Innovation and Diversity: Earnings, Creativity, and the Global Economy

A Cultural Movement

In this recent interview between Forbes’ Ekaterina Walter and Progressive’s Neil Lenane, they discuss the concept of workplace diversity as a cultural shift, rather than just a strategic initiative.

“We view diversity not as a program but a cultural movement,” says Lenane. “While gains can be slow moving and measurement less clear than other business metrics, we find the key is keeping the momentum going every single day. Ultimately it ends up as not something we check off a list but a cultural attribute we use to help us achieve our operational goals.” Top-tier companies have shown tangible innovation benefits to developing an ‘all-inclusive’ approach to fleshing out their workforce, which allows them to deal with cultural challenges and language barriers more effectively than businesses that don’t actively drive diversity. Additionally, the myriad backgrounds and perspectives that shape how employees ideate and innovate is extremely valuable, providing expanded insight for global interactions and strategies, as well as internal challenges.

Lenane suggests the following advice for decision-makers: “Due to the constant pace of change, increase your desire and ability to be agile. This will help in not only weathering change but proactively adapting to it. And, obviously, look at diversity as a business success imperative.” According to HBR, employees at companies with greater diversity are “45% likelier to report that their firm’s market share grew over the previous year and 70% likelier to report that the firm captured a new market.” As companies compete on a global scale, it’s imperative to acknowledge that a variety of voices not only encourages collaboration, innovation, and change, but that diversification promotes competitive differentiation.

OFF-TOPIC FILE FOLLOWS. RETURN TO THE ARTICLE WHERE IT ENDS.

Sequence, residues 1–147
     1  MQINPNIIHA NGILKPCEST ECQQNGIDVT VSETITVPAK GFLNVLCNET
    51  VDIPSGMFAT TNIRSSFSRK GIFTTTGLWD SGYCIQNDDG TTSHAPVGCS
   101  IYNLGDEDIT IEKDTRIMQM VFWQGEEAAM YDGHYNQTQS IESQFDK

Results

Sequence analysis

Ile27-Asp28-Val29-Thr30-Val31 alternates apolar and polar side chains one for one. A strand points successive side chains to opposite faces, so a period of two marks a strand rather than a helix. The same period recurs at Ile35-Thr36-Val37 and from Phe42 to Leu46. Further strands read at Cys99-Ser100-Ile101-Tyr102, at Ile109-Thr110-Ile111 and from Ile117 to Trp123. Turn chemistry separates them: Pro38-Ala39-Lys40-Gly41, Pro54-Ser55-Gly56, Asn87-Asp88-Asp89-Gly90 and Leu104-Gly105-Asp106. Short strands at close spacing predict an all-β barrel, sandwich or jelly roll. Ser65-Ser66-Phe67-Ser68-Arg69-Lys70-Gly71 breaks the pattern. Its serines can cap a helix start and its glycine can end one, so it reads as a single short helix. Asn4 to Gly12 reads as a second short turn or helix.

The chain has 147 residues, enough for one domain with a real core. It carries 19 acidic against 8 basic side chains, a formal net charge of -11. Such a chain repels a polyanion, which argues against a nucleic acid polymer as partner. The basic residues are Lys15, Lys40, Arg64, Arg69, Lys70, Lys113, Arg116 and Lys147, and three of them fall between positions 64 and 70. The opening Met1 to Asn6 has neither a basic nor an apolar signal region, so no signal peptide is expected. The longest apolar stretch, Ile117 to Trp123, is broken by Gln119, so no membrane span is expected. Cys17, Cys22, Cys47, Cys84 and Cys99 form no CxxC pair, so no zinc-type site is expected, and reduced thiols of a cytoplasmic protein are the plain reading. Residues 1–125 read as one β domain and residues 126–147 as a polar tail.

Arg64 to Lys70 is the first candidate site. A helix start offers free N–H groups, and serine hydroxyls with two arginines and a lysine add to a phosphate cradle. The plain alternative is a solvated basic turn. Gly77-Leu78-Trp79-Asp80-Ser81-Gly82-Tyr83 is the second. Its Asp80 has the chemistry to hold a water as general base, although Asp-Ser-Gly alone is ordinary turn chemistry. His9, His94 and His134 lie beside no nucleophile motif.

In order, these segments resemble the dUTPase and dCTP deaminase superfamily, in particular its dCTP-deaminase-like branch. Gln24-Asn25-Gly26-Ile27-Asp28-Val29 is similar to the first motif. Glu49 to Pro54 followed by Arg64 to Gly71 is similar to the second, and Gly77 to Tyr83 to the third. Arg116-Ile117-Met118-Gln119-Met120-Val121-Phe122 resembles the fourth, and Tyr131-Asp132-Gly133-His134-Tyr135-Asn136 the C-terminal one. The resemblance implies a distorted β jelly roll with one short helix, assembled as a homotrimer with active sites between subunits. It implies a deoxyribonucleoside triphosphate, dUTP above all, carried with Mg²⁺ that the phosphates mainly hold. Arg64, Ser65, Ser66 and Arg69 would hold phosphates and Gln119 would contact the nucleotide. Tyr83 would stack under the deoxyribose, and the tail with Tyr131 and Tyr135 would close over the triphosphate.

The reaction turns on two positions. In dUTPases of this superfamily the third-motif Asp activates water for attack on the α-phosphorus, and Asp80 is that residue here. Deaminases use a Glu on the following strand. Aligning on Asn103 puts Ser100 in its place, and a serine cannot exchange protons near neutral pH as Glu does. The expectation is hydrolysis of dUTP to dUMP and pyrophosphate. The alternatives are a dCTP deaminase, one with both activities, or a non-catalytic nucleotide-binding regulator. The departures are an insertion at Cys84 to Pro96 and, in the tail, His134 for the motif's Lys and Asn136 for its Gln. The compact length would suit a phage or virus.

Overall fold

Listen Up, Leaders

Although initiating culture changes in your organization is key to driving innovation through greater diversity, it still must be treated like any business goal. From EY: “Leaders must first cultivate the insight to recognize and understand differences and their power to bring about profound cultural shifts in organizations. This mental transformation is critical to developing transformational leadership capabilities. It is the single most important step toward becoming a successful player in the global arena.”

Strengthening the employee pipeline and retaining top talent typically rests squarely on the shoulders of company leaders, as does catalyzing innovation for overall success. A lot of this probably sounds pretty obvious, but that doesn’t mean it’s easy. According to a recent white paper from Forbes Insights, ”Organizations still face external and internal challenges in implementing these policies and procedures. Internally, companies are still struggling with negative attitudes about diversity among their rank-and-file, while externally, a rocky economic recovery has impeded many companies’ hiring efforts.”